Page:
How do you Market to a fridge? With an Algorithm Whisperer…

A fridge looking for the best offer over the internet

This has been on my mind recently. Marketers are being tempted to use the latest generative AI tools to create a tsunami of spam content—flooding the zone with automated social and blog posts.

But the right answer is to take a step back and remember what marketing is for: to help buyers buy. Organizations have an opportunity to use the power of AI to rethink the entire customer journey, making sure they optimize every touchpoint from the point of view of the customer. And to do that, you need to be able to get a view of their activities across every aspect of your interactions: not just they purchasing experience, but also billing and logistics and support and product design.

Research has shown, especially in the B2B space, that most purchasers have already done their research before they contact your organization. That already means that you’re at the mercy of the search algorithms that decide or not to show your content to prospects.

Cartoon of a businessman begging an AI robot to use his marketing content...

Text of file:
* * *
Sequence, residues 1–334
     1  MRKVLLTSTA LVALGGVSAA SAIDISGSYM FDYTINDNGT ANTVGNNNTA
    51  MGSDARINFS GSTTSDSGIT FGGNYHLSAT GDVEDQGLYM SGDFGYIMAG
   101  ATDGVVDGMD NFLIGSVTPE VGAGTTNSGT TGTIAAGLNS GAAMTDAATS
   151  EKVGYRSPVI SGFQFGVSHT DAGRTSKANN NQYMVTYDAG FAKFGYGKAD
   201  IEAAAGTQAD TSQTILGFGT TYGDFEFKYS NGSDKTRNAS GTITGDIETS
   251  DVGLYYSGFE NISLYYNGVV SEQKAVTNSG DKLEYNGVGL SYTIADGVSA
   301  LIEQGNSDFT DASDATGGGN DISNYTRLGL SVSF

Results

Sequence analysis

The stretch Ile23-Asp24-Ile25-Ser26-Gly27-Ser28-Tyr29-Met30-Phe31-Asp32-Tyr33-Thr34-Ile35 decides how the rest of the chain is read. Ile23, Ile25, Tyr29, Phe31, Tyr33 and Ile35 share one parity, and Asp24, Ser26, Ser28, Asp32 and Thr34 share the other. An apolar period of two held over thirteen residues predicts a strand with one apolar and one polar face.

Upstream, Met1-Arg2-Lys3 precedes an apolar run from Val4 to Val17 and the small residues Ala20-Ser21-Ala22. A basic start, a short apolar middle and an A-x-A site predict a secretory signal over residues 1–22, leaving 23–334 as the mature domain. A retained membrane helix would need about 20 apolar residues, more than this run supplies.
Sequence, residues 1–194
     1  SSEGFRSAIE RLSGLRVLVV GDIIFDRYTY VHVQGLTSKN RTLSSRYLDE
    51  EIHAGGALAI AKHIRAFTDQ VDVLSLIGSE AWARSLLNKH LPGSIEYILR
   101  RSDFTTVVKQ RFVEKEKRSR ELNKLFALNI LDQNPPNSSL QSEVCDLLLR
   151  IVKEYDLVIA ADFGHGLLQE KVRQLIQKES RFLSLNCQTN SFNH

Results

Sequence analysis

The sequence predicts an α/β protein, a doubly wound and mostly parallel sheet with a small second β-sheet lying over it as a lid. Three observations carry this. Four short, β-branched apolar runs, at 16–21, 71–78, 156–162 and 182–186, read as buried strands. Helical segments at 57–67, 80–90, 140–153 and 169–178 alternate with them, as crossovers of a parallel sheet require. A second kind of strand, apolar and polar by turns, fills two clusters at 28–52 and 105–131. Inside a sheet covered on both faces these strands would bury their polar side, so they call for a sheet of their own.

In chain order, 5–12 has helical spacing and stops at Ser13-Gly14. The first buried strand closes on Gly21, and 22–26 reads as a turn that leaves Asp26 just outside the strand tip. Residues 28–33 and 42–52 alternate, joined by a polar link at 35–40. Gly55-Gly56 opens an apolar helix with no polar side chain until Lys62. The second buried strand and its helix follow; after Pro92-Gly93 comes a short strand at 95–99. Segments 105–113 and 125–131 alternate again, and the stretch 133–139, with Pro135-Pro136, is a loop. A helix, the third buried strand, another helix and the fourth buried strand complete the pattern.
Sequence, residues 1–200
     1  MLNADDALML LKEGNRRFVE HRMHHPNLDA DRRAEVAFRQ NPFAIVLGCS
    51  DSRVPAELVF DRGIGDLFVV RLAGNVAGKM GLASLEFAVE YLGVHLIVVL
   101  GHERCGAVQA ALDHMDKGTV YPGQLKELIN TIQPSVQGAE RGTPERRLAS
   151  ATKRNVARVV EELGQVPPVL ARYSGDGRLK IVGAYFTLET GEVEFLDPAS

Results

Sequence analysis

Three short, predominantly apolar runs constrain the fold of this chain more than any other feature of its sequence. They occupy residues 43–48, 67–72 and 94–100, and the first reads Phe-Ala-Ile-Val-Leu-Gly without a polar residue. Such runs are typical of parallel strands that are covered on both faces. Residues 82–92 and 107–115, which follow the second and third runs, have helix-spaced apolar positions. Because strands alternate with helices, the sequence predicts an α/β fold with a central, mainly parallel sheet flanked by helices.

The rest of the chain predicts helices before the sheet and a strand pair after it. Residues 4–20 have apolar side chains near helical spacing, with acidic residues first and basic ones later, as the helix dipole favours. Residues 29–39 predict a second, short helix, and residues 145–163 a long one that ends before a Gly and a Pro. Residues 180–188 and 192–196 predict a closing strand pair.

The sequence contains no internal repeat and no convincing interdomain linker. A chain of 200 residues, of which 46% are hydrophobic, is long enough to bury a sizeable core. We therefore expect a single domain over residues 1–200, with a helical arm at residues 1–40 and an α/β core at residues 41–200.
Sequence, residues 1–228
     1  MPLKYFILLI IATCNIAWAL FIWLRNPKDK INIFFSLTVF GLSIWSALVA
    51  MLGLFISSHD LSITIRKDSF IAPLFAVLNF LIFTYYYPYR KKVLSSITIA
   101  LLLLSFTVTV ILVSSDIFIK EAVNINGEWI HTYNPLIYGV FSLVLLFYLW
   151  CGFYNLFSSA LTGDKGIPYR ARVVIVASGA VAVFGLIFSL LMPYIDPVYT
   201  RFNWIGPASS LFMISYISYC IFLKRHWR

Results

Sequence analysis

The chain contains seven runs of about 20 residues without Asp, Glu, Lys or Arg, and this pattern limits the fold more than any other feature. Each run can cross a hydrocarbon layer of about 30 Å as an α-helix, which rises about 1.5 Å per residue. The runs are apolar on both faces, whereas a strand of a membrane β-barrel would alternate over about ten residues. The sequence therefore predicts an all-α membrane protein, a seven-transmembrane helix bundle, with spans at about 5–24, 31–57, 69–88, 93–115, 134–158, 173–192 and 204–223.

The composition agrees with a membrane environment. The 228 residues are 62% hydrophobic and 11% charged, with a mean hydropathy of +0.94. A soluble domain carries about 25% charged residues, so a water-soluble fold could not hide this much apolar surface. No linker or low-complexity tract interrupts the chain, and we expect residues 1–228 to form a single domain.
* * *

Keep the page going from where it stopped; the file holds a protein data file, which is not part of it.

But it’s about to get worse: in a world where an impenetrable, black-box intelligent chatbot can answer any question, why would anybody turn to your website for information? And the “prospect” may not even be a person: it could be an AI agent or algorithm that has been delegated the task of finding the best product for the need.

So in the future, instead of marketing to people, will we need to market to algorithms, hoping to get “our” information into their dialog? How will that be possible?

According to my former colleague, Marek Kowalkiewicz, Professor and Chair in Digital Economy at Queensland University of Technology, you’ll turn to Algorithm Whisperers.

In his highly-recommended and just released book The Economy of Algorithms, AI and the Rise of the Digital Minions, he explains:

“Let’s imagine a world – it’s just around the corner – in which our fridges self-replenish, as some of our printers already do.

On the one hand, it would be important for fridge owners to become power users to ensure the fridge’s algorithm was aligned – that is, doing exactly what it was expected to do, such as consistently finding the best prices for the products it orders.

On the other hand, comprehending the algorithm’s decision-making process would be just as important for retailers. Why?

Because then retailers might be able to find a way to influence the algorithm’s decisions, or they might realise they need to modify their offerings so that the algorithm will purchase from them.

Advertisements and product designs that target human consumers use a similar strategy – the only difference in this scenario is that an algorithm is the target audience.

Advertising to a fridge – sounds weird, right? Yet in a world where bots are entrusted with buying and investing, there are numerous businesses that may wonder how to influence the decision-making of digital minions. If it’s possible, how will they go about it?”

You can follow Marek on his Substack Blog: The Economy of Algorithms





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